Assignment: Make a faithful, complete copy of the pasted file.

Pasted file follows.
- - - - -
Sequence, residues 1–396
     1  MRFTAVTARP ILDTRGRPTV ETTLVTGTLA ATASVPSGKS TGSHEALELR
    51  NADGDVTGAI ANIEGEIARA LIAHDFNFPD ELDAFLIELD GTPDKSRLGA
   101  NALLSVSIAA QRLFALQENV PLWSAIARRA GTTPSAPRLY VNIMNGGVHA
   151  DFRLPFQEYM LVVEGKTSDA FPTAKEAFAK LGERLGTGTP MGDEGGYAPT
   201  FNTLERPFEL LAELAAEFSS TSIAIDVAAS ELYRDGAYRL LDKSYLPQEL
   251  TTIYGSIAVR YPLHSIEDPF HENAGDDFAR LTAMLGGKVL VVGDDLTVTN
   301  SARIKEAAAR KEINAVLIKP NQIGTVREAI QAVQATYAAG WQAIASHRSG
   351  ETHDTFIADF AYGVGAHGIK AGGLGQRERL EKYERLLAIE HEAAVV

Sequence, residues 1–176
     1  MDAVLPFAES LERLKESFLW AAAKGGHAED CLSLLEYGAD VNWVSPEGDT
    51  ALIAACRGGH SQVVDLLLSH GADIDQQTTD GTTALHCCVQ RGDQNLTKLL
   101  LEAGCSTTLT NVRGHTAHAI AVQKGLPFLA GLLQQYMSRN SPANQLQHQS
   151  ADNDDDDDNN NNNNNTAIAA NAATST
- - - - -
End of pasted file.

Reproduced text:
Sequence, residues 1–396
     1  MRFTAVTARP ILDTRGRPTV ETTLVTGTLA ATASVPSGKS TGSHEALELR
    51  NADGDVTGAI ANIEGEIARA LIAHDFNFPD ELDAFLIELD GTPDKSRLGA
   101  NALLSVSIAA QRLFALQENV PLWSAIARRA GTTPSAPRLY VNIMNGGVHA
   151  DFRLPFQEYM LVVEGKTSDA FPTAKEAFAK LGERLGTGTP MGDEGGYAPT
   201  FNTLERPFEL LAELAAEFSS TSIAIDVAAS ELYRDGAYRL LDKSYLPQEL
   251  TTIYGSIAVR YPLHSIEDPF HENAGDDFAR LTAMLGGKVL VVGDDLTVTN
   301  SARIKEAAAR KEINAVLIKP NQIGTVREAI QAVQATYAAG WQAIASHRSG
   351  ETHDTFIADF AYGVGAHGIK AGGLGQRERL EKYERLLAIE HEAAVV

Sequence, residues 1–176
     1  MDAVLPFAES LERLKESFLW AAAKGGHAED CLSLLEYGAD VNWVSPEGDT
    51  ALIAACRGGH SQVVDLLLSH GADIDQQTTD GTTALHCCVQ RGDQNLTKLL
   101  LEAGCSTTLT NVRGHTAHAI AVQKGLPFLA GLLQQYMSRN SPANQLQHQS
   151  ADNDDDDDNN NNNNNTAIAA NAATST